December 21, 2008
Club Troppo, one of the most interesting Australian blogs around, has published a link to a very interesting story in The Atlantic with the following introduction:
Henry Blodget was a Merrill Lynch tech analyst during the tech bubble. A bubble he rode to fame and then to a Spitzer investigation and oblivion. In this piece in the Atlantic he gives a great analysis of what he thinks caused the current housing and debt bubble and draws the conclusion that the problem is systemic and largely unavoidable in the long run in free-market capitalism.
The Atlantic article starts with:
The magnitude of the current bust seems almost unfathomable—and it was unfathomable, to even the most sophisticated financial professionals, until the moment the bubble popped. How could this happen? And what’s to stop it from happening again? A former Wall Street insider explains how the financial industry got it so badly wrong, why it always will—and why all of us are to blame.
The article is very interesting as giving a potentially plausible rationale for the bubble’s inflating and bursting.
December 17, 2008
The ETS White Paper was released yesterday launching a jungle of comment. This isn’t surprising given the popular interest in an ETS and the perception that this was a key difference between the Coalition and ALP at the last federal election. Of course, the Coalition had done an about-turn on an ETS in the last term of parliament and would have introduced a scheme had it been re-elected, but their late change of heart didn’t change the perception that they were dragged to the ETS kicking and screaming.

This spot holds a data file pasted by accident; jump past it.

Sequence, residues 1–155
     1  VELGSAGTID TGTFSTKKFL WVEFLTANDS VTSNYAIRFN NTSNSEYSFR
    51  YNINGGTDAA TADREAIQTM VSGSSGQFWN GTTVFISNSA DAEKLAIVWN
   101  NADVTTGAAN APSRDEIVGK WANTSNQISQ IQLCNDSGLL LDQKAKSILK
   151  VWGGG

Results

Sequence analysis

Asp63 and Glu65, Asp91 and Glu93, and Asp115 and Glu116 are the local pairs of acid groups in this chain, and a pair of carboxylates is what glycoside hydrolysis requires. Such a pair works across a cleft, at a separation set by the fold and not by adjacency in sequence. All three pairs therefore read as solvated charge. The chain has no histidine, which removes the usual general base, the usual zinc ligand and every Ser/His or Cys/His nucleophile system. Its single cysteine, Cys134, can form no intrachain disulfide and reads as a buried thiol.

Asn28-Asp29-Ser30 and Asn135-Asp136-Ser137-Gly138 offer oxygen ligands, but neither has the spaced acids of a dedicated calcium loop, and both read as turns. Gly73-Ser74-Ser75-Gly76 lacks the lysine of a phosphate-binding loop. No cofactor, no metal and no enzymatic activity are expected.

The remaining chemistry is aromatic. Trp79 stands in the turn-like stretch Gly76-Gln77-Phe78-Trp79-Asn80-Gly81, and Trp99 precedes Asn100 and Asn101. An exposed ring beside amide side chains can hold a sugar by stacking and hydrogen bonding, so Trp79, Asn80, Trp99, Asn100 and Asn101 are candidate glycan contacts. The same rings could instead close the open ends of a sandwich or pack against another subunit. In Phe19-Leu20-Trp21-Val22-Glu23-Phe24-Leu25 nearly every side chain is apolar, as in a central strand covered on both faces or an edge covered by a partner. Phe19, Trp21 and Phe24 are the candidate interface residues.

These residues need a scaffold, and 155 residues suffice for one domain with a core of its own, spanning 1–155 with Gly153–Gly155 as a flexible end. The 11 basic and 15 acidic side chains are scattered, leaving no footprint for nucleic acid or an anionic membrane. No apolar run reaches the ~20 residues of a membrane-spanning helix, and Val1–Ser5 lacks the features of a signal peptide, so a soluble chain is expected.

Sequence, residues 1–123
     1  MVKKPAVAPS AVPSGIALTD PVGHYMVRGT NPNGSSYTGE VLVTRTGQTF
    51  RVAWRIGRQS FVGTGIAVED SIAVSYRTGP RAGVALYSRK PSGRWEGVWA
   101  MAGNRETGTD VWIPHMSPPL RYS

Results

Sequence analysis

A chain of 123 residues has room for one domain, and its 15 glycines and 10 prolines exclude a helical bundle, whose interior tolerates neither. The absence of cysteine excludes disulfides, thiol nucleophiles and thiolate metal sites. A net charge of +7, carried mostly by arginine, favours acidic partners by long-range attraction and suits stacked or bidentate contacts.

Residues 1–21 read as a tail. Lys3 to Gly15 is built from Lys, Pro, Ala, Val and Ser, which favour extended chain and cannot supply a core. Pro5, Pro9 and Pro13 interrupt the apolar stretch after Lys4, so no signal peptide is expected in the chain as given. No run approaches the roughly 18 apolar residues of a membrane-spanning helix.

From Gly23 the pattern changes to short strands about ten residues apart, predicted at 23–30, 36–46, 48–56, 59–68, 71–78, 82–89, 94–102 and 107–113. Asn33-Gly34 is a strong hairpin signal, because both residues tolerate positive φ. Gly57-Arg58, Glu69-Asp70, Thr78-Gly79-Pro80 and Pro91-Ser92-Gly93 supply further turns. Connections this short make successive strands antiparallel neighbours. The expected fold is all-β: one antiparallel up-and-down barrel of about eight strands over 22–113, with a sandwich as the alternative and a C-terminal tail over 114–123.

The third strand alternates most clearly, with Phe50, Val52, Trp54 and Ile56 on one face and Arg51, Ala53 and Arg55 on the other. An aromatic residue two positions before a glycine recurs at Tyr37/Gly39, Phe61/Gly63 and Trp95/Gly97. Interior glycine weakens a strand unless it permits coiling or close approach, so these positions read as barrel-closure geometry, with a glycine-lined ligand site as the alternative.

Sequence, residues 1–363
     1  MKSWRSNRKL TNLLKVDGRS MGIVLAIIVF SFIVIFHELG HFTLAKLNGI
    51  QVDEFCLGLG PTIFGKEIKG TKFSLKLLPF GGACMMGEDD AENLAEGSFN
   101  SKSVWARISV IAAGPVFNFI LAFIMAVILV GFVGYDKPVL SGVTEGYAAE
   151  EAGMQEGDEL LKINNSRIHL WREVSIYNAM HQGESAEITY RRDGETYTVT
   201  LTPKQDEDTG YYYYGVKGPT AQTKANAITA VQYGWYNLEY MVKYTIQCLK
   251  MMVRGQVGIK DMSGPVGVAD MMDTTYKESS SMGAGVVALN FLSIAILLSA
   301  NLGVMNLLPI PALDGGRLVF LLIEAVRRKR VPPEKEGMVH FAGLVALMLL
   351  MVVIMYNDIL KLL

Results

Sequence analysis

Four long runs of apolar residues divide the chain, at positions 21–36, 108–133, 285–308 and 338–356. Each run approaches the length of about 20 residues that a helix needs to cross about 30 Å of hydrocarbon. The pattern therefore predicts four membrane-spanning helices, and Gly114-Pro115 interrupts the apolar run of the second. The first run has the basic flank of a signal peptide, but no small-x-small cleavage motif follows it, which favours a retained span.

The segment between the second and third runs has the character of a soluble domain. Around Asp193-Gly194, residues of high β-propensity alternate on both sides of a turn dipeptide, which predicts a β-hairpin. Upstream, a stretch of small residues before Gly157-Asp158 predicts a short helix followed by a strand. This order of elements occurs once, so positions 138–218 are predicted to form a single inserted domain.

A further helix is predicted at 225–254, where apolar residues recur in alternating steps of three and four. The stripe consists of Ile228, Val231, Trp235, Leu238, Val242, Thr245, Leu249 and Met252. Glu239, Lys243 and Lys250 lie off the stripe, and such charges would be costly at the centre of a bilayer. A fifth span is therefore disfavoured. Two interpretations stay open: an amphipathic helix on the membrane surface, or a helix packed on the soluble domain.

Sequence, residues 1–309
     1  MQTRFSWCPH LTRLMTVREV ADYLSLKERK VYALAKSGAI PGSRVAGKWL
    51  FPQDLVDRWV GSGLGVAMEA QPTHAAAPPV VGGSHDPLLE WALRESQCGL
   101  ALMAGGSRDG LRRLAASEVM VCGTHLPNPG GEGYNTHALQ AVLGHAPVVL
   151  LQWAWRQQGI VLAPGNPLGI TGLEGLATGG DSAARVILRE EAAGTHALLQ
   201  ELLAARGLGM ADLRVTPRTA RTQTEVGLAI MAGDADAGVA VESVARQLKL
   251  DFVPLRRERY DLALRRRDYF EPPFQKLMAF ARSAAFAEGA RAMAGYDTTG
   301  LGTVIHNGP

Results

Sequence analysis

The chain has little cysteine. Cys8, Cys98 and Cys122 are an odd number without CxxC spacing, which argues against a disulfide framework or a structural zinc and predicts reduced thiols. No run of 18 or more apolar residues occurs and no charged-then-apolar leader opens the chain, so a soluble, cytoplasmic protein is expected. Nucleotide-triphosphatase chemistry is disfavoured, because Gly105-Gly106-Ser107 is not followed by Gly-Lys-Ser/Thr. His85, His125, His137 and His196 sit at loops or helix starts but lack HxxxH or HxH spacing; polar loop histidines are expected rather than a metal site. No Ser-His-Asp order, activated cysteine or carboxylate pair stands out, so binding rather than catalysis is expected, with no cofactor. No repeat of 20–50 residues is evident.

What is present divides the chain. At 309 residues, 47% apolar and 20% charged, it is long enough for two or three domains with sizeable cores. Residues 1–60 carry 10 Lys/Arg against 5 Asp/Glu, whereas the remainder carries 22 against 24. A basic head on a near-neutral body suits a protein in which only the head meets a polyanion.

Whether the Coalition would have produced a fairly similar policy to the just-released White paper is an known unknown (or is it an unknown known?), but it’s a fair bet that much of it would have been similar – the assistance measures may have been different, as may have been the targets (or possibly not), but the core of it would probably have looked fairly similar.
It’s interesting to read the reaction to the White paper – or rather the targets and assistance measures. As someone working for one of the three energy market institutions, I’m happy to just read the comments, although you often come across some that make you want to give a short tutorial on “how things work”.
All I’ll say about the White paper is that it would have been a big task putting it together. I wouldn’t even like to imagine the job.
Things are pretty busy at the moment – but fortunately the holidays are near and I’m looking forward to staying in Sydney for a fortnight. It’ll be very nice to stay at home during Christmas for the first time in years. I plan to go to gym each day and maybe read a book or two.